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Love and Lust in a Burning Forest

“There was a cabaret and there was a master of ceremonies and there was a city called Berlin in a country called Germany. It was the end of the world…” So writes Cliff Bradshaw, the starry-eyed American novelist whose search for love and adventure in 1930s Germany frames John Kander and Fred Ebbs’s Cabaret. In the haze of the Kit Kat Klub, a haven for stockings, lipstick, and high-heeled performers, Berlin is in full-view, beautiful in its celebration of self and doomed by the rising political waves that would ultimately engulf Europe. Ithaca College’s production of Cabaret was an astounding success, executed with masterful design, orchestration, choreography and particularly amazing talent. Designed to bring the audience into the nightclub, with red “Ausgang” signs, dim lights and the orchestra dressed as a cabaret band, Clark Theatre brought the tantalizing Kit Kat Girls and Gals as close to the audience as possible.

Max Buettner '21 acts in last week's Odysseus Wounded.

Odysseus Wounded: A Modern Take on a Greek Epic

At the end of The Odyssey, Odysseus finally journeys back from the fallen city of Troy to Ithaca, where he once reigned as king. Disguised, Odysseus finds his kingdom infested with once-loyal suitors competing for Odysseus’ wife’s, Penelope, hand in marriage. After skillfully shooting an arrow through twelve axes to prove his identity in a now iconic scene, Odysseus, along with his son Telemachus, in rage, proceeds to slay every single one of the suitors in barbarous fashion. The epic poem, attributed to Homer, was composed in oral tradition by a rhapsode, a classical Greek performer of epic poetry. Appropriately, the play Odysseus Wounded, by Nathan Chazan ’19, former Sun arts columnist, and Alexander Lugo ’19 was performed as a live reading.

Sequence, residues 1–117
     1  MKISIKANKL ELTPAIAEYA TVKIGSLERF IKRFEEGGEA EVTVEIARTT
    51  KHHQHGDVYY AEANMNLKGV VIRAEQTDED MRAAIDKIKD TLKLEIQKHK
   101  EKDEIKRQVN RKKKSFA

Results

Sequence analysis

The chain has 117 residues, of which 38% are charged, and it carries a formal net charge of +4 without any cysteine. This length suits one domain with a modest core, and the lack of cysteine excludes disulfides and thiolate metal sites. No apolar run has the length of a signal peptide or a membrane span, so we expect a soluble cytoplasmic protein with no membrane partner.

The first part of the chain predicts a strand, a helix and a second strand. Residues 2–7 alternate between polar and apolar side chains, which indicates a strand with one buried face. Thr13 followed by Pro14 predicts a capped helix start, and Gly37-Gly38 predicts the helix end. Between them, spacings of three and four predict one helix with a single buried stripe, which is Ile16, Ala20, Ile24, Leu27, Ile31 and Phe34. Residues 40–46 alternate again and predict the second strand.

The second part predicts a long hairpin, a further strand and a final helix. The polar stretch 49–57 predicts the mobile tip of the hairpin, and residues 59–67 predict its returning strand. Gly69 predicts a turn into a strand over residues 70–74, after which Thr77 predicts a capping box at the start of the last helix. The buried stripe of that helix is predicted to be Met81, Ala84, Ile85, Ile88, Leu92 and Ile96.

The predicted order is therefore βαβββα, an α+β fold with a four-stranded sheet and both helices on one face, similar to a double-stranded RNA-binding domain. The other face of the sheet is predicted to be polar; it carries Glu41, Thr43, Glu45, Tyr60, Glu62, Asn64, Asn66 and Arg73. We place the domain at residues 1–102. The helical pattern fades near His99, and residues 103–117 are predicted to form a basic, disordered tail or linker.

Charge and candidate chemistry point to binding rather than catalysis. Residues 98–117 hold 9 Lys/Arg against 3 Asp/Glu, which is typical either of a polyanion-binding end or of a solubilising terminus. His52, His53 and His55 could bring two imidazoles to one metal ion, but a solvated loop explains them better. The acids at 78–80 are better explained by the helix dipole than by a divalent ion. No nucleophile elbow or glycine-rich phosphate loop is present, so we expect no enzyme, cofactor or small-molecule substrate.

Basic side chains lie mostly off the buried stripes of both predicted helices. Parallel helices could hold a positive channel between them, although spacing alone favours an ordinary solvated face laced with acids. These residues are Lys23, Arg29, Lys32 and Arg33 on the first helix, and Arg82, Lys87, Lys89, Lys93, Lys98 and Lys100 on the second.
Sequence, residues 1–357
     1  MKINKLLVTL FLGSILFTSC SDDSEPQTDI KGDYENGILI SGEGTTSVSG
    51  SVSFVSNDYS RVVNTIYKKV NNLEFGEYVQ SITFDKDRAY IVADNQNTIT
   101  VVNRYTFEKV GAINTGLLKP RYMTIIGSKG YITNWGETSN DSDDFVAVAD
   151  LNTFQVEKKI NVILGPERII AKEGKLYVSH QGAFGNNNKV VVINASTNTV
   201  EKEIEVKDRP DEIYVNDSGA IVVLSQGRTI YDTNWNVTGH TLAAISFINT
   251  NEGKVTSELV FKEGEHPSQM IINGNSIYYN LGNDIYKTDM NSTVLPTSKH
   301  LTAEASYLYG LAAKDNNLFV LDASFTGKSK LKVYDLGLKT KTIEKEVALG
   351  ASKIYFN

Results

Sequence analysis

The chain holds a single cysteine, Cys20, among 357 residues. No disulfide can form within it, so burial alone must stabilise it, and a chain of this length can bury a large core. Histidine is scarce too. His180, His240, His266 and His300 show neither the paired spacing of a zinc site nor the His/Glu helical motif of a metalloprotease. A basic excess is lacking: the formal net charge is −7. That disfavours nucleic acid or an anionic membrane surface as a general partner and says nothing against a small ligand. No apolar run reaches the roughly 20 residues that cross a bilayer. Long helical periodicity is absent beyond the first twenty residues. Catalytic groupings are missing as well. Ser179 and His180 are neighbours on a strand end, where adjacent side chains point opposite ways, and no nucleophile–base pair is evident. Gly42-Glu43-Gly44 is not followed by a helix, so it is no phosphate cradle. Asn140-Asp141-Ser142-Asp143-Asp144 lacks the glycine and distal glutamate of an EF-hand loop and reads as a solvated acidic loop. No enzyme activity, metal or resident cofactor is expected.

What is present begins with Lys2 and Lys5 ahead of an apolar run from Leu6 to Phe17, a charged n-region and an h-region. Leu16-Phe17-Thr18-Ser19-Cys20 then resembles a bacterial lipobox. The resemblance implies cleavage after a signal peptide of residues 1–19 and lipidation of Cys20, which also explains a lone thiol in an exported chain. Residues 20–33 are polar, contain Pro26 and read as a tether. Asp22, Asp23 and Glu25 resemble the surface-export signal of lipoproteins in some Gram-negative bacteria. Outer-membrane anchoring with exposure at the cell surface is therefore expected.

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Birds of East Africa is Taking Off at Kitchen Theatre

The Kitchen Theatre’s premiere of Birds of East Africa, a new play written by Wendy Dann and directed by Rachel Lampert, is incredibly quirky and starts out slow but becomes more meaningful as it progresses. The play feels disjointed at times but is saved by strong acting and its realistic portrayal of damaged relationships. As the play begins, two men dressed in colorful clothing meant to look like birds dance around the stage, and an ornithologist named Marion (Lena Kaminsky) appears soon after. The dancers often perform between scenes and sometimes interact with Marion. The birds she has studied have a constant presence in her life, even when she moves in with a college friend Stephen (Daniel Pettrow) and his husband Nick (Gabriel Marin) in Las Vegas, far from any hornbills, her professed favorite species.

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DOOLITTLE | Sit Down, 1776

“Does anybody care?” John Adams inquires of an empty congress chamber at the climax of 1776, but he may as well ask the same of a modern, post-Hamilton audience settling for the second best founding fathers musical to grace the Broadway stage. It’s impossible to talk about 1776 today without drawing immediate comparison to the groundbreaking hip-hop musical that I have tried so hard to avoid talking about in a column but oh well, there it is. It was a comparison that City Center Encores! attempted to lean into with their latest revival of the classic 1969 musical, setting it in a modern context and boasting a “multi-racial” cast. But is that a comparison anyone should wish to invite?